To keep a “down to earth” mindset, we must throw out all judgments, discard our aesthetics–what we like and dislike, who we like and dislike. We must acknowledge our common humanity. Only then can we abandon our fears and participate in God’s will. For in and through our COMMON HUMANITY ( for common humanity is what Jesus took upon himself) will we accept the truth that battle between good and evil exists in all of us. All of us. Indeed, Jesus comes down to earth for ALL. He shows no partiality. He POURS OUT his spirit to be part of the world’s solutions instead of adding to the chaos and insanity. With Christ’s help we can be ALERT for the signs of good in whoever and wherever we see it in the clouds, on the earth, in a human face. Because in God’s eyes, no one is better than anyone, no one lesser. God cares NOT for our achievements or our failures, God simply cares; God wills the good IN ALL, FOR ALL. Better keep humble, stay down to earth or we’ll miss the grace offered through that tremendous truth.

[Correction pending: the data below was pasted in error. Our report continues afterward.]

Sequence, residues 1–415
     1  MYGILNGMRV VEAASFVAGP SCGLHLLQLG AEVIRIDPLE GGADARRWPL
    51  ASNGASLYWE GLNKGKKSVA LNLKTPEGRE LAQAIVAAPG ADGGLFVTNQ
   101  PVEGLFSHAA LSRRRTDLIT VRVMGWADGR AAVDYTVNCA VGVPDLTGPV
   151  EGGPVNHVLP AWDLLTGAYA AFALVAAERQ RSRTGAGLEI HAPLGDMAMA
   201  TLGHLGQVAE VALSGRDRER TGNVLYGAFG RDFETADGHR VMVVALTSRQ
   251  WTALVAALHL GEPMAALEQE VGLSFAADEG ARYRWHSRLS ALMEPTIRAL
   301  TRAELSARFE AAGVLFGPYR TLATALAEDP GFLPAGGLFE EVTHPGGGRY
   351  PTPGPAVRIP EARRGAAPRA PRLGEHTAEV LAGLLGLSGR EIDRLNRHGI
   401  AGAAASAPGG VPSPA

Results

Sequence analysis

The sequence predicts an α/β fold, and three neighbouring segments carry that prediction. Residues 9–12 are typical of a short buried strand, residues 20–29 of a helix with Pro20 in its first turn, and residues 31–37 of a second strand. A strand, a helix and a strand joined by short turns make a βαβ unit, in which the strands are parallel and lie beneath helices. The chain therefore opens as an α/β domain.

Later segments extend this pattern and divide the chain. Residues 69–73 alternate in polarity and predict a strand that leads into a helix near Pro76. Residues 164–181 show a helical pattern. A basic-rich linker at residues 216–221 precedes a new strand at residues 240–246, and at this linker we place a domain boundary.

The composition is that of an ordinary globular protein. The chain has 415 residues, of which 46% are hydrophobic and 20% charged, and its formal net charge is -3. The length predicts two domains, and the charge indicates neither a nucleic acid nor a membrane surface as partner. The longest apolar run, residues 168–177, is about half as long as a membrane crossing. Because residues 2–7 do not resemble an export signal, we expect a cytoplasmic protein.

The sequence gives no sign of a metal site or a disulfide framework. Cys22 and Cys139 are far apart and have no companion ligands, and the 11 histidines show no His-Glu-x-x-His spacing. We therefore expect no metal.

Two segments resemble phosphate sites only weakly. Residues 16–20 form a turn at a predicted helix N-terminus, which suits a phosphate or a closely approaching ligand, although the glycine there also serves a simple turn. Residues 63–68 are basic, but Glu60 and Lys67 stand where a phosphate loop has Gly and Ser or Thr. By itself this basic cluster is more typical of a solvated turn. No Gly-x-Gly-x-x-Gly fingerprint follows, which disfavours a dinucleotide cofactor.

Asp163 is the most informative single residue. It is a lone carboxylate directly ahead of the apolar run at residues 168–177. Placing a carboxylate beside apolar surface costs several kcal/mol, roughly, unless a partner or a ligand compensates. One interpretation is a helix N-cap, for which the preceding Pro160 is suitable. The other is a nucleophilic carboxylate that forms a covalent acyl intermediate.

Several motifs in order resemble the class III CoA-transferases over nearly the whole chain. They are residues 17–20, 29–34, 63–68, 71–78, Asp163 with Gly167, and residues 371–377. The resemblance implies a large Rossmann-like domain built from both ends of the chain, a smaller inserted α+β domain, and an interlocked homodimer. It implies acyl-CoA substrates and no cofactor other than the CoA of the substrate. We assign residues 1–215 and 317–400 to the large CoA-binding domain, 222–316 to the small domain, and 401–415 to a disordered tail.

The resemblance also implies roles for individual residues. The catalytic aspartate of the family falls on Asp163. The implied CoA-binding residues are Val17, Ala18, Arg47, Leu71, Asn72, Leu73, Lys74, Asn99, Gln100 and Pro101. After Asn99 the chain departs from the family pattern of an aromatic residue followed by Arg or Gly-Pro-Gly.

Remember Christ comes to us all the time, wherever we are, in whatever frame of mind-whatever we’re thinking or feeling today, he arrives in this WORD, in all the Sacraments AND ONE ANOTHER. Never forget the last part of this trinity! We are all in this together!